Discrimination based on national origin, race, age, disability and gender is deeply entrenched in the H-2 guestworker system.

It often begins even before guestworkers are hired and is intended to ensure that U.S. workers are effectively locked out of the job.

Employers may bring in guestworkers only if U.S. workers are unavailable.77 As a result, the DOL requires employers to make an effort to recruit U.S. workers before it will approve their application for guestworkers. But because many H-2 employers simply prefer vulnerable foreign workers over domestic workers, employers often engage in discriminatory tactics to weed out U.S. workers.

For example, during an investigation into illegal or fraudulent activities within the H-2B visa program, the U.S. Government Accountability Office found that some employers “preferentially hired H-2B employees over American workers in violation of federal law.” Undercover investigators captured recruiters suggesting tactics that employers could use to discourage U.S. applicants, such as requiring them to demonstrate their ability to run around carrying a 50-pound bag, scheduling interviews before 7 a.m., and requiring drug testing prior to interviews.78

One recent case against a large agricultural grower further illustrates how employers discriminate against U.S. workers. After receiving complaints from dozens of U.S. farmworkers, the Equal Employment Opportunity Office (EEOC) filed charges against the agricultural company Hamilton Growers, Inc. (d/b/a Southern Valley Fruit and Vegetable, Inc.) in 2011 alleging that the grower discriminated against more than 600 U.S. workers based on race and national origin. Over the course of three years, the grower fired virtually all of its U.S. employees while continuing to bring in Mexican H-2A workers. The EEOC alleged that the termination of at least 16 African Americans “was coupled with race-based comments by a management official.” The grower also subjected U.S. workers to disparate working terms and conditions, giving them fewer hours or denying them work when guestworkers were allowed to continue working. Upon reaching a settlement in December 2012, U.S. workers succeeded in recovering $500,000 in back wages and damages.79

Employers also routinely engage in discriminatory practices when it comes to hiring guestworkers. In fact, one federal appellate court has placed its stamp of approval upon such discrimination. In Reyes-Gaona v. NCGA,80 the 4th U.S. Circuit Court of Appeals found that even explicit age discrimination in hiring H-2A workers was not unlawful. In that case, there was little dispute that the recruiter, Del-Al Associates, which recruited thousands of guestworkers to the United States, told Luis Reyes-Gaona, who applied in Mexico to be an H-2A worker in North Carolina, that it was the policy of the North Carolina Growers Association (NCGA), for whom Del Al was recruiting, that NCGA would not accept new employees over the age of 40. The court found that because this choice had occurred outside the territory of the United States, it was not actionable under the Age Discrimination in Employment Act.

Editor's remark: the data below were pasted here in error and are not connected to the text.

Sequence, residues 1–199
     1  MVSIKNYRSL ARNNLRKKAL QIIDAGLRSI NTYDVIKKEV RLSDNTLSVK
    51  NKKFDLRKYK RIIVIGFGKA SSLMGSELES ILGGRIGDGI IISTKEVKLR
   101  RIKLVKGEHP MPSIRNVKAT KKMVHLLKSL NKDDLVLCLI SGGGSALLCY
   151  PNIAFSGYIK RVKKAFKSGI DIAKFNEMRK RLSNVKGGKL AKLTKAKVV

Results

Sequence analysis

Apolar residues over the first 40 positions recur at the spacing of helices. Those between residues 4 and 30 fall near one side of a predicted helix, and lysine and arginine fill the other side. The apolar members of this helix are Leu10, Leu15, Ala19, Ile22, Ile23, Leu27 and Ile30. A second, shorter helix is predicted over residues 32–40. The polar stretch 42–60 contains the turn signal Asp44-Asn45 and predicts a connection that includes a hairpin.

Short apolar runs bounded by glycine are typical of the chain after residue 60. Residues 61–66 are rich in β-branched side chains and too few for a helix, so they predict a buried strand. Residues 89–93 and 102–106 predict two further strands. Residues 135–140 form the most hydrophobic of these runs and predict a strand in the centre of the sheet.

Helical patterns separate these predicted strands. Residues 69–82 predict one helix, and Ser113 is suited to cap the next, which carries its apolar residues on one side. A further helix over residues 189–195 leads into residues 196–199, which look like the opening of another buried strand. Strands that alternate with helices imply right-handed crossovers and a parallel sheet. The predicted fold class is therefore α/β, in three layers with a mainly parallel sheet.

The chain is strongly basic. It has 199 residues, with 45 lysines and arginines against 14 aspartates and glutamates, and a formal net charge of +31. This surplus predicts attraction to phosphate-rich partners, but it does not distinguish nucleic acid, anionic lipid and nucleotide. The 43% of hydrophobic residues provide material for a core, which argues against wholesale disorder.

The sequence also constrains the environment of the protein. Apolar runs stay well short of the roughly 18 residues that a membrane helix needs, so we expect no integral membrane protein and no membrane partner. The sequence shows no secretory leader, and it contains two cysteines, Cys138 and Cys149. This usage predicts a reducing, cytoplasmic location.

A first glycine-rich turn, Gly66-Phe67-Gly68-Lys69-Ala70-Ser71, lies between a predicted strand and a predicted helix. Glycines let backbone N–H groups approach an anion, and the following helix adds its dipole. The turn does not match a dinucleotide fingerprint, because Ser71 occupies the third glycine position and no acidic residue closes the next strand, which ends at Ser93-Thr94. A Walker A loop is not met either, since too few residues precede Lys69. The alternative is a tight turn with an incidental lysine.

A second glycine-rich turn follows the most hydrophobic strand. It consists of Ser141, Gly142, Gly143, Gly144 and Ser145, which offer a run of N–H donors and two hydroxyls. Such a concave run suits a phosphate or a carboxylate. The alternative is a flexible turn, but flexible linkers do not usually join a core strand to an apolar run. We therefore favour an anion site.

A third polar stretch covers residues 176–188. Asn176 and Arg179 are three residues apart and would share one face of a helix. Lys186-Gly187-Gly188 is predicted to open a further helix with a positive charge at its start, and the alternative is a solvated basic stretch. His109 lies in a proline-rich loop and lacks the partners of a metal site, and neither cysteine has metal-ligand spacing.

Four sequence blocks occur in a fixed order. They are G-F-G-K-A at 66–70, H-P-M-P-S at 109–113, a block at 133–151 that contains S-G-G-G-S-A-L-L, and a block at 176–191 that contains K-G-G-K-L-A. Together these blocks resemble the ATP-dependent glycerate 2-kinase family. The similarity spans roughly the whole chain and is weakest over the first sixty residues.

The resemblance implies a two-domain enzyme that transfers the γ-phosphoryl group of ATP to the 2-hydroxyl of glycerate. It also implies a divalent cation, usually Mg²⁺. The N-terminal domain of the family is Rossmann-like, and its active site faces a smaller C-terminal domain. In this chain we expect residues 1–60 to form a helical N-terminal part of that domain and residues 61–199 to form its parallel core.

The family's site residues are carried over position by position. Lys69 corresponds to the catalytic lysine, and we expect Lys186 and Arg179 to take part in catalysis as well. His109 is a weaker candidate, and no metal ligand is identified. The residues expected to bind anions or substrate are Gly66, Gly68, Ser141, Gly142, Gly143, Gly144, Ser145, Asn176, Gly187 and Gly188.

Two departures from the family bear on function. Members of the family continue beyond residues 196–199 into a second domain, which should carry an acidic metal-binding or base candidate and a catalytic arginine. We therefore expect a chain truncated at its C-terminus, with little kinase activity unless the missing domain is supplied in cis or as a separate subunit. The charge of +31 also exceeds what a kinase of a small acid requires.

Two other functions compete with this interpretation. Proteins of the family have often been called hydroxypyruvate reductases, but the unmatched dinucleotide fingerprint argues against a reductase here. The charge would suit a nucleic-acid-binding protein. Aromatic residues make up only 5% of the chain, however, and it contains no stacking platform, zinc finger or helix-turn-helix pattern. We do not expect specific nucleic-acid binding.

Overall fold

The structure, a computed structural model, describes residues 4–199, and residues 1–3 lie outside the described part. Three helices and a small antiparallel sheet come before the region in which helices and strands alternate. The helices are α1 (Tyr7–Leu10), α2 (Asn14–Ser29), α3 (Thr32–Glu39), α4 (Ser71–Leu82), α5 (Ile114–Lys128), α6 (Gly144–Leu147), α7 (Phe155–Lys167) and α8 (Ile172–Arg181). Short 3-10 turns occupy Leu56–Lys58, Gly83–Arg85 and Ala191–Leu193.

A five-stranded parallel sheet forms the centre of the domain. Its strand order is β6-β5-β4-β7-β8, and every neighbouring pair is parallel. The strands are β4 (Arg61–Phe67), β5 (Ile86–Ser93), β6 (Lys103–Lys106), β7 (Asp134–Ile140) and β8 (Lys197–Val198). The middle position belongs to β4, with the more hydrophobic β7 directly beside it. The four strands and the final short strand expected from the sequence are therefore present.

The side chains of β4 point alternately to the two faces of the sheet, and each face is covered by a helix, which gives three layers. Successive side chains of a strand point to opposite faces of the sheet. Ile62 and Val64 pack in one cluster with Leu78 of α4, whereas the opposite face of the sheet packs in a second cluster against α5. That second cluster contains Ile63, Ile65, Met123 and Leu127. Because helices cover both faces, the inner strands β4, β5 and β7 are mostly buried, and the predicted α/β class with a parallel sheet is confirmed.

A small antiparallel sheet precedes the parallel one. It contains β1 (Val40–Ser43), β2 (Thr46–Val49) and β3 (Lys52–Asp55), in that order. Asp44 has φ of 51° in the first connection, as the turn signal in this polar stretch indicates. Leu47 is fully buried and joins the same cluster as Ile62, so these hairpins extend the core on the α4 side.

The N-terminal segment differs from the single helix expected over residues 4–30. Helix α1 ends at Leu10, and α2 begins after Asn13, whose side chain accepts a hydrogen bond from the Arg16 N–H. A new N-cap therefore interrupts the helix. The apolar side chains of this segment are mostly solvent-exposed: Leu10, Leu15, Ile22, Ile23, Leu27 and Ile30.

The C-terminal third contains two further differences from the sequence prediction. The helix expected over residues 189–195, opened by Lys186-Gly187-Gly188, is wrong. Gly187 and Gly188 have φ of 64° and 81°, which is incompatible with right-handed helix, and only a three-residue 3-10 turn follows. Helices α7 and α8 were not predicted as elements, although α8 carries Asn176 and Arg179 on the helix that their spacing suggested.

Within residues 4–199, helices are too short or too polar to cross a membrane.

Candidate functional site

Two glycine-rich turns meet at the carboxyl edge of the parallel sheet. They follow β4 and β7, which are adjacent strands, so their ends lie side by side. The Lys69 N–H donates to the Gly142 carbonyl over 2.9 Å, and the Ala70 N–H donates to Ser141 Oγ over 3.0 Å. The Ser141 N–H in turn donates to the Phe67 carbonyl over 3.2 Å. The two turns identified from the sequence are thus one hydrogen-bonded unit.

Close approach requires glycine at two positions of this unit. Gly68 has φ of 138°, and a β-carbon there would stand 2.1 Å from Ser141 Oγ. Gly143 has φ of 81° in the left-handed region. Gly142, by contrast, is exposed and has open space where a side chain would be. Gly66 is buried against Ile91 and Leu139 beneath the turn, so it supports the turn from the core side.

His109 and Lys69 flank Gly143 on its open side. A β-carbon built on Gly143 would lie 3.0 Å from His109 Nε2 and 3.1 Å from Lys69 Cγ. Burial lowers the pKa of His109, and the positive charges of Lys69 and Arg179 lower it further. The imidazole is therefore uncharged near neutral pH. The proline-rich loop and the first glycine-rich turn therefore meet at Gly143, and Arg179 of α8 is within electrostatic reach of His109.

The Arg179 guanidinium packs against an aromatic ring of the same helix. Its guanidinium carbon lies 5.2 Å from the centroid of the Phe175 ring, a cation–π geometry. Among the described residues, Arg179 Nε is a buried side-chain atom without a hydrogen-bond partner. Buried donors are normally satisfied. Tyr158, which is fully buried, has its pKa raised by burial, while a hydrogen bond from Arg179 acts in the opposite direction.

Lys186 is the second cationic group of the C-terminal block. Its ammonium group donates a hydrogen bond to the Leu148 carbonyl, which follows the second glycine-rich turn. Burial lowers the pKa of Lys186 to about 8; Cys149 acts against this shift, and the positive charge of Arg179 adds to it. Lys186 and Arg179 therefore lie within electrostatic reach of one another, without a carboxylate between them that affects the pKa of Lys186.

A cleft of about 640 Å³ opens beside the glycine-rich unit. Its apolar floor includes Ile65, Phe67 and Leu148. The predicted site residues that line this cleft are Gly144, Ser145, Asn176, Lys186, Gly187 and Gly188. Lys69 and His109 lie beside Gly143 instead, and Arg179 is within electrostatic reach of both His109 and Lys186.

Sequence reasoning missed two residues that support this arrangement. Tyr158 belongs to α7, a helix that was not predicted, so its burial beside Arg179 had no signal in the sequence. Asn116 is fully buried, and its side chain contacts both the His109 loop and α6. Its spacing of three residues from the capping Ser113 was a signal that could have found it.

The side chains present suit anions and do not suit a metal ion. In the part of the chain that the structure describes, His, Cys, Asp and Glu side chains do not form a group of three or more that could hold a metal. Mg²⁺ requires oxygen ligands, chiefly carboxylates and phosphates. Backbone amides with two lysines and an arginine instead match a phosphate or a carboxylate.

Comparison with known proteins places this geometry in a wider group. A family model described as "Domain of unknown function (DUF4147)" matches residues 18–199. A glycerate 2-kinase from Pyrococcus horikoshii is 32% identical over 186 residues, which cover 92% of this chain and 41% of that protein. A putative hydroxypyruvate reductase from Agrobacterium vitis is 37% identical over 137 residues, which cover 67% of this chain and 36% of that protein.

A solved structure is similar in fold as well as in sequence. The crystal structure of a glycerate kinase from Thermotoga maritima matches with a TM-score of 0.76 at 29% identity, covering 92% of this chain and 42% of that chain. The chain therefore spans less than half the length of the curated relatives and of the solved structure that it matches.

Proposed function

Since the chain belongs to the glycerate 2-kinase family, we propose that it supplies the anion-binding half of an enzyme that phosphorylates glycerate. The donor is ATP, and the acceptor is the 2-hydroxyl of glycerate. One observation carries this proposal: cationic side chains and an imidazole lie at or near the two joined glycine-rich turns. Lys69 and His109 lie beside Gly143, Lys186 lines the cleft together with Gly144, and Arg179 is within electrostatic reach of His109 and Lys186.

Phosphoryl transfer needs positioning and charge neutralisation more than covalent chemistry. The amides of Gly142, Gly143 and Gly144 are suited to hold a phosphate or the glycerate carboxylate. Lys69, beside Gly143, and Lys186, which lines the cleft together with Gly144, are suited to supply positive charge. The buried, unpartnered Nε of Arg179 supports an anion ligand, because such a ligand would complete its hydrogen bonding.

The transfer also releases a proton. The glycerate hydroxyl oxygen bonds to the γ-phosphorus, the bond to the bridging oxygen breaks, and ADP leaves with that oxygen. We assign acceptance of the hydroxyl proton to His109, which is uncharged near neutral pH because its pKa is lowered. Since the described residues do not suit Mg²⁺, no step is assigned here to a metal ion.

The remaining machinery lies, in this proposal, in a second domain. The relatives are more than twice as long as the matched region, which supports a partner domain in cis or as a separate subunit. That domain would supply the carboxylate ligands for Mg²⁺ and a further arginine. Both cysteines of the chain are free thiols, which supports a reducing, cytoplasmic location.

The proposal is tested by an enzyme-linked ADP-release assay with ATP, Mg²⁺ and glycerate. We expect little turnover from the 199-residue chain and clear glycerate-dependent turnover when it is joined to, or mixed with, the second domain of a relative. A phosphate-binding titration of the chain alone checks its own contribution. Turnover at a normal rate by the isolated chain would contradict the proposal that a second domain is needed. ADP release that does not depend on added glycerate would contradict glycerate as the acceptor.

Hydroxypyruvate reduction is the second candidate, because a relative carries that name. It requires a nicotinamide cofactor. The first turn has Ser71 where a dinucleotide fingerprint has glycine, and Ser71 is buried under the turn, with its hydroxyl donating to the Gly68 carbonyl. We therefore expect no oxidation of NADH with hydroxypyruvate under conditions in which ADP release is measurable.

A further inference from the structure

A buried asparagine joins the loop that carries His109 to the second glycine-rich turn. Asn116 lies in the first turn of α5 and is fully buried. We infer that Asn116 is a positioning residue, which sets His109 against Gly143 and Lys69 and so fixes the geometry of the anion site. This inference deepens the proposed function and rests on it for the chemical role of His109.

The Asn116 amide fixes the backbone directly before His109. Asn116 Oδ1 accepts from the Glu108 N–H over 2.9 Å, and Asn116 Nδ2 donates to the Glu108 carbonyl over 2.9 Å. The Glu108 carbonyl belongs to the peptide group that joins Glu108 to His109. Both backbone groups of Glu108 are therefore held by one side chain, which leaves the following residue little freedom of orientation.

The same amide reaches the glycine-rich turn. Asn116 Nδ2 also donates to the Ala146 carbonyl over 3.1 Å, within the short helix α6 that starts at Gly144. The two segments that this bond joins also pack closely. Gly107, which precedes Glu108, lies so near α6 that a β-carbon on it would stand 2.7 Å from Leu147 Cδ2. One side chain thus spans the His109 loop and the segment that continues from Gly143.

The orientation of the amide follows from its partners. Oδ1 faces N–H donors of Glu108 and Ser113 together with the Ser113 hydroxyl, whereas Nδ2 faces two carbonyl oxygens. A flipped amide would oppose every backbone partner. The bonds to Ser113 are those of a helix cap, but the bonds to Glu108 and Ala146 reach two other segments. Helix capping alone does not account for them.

Although it is possible that other courts will reach a different conclusion on this issue, there is little doubt that such discrimination is pervasive.81 Indeed, the ability to choose the exact characteristics of a worker (male, age 25-40, Mexican, etc.) is one of the very factors that make guestworker programs attractive to employers.

Marcela Olvera-Morales is a Mexican woman who worked as a guestworker in 1999 and 2002. In 2002, the EEOC issued a determination finding reasonable cause to believe that she faced unlawful discrimination on the basis of gender. She alleged that a recruiter – the International Labor Management Corp. (ILMC), which places thousands of guestworkers in U.S. jobs – systematically placed women in H-2B jobs while placing men in H-2A jobs, which provide better pay and benefits. Statistical data showed that the likelihood the gender-based difference in the granting of visas was due to chance was less than one in 10,000.82 As part of a 2009 settlement, the ILMC was required to engage in affirmative steps, including ongoing monitoring by the plaintiffs, to ensure that guestworkers who the ILMC placed were not subjected to gender discrimination.

Once in the workplace, it is not uncommon for guestworkers to be subjected to discrimination and harassment.

In 2006, welders and pipefitters coming from India on H-2B visas arrived on the Gulf Coast to work for Signal International, a marine industrial construction company. Although Signal employed hundreds of non-citizen workers, it required only the Indian workers to live on Signal property in cramped and guarded trailers that other Signal employees and Signal management called “the Reservation.” This segregated workforce created an environment in which non-Indian employees felt comfortable referring to the Indian workers as animals or by means of profane language. When the Indian workers requested better treatment, Signal fired those workers it perceived to be leaders of the effort to seek fair and dignified treatment.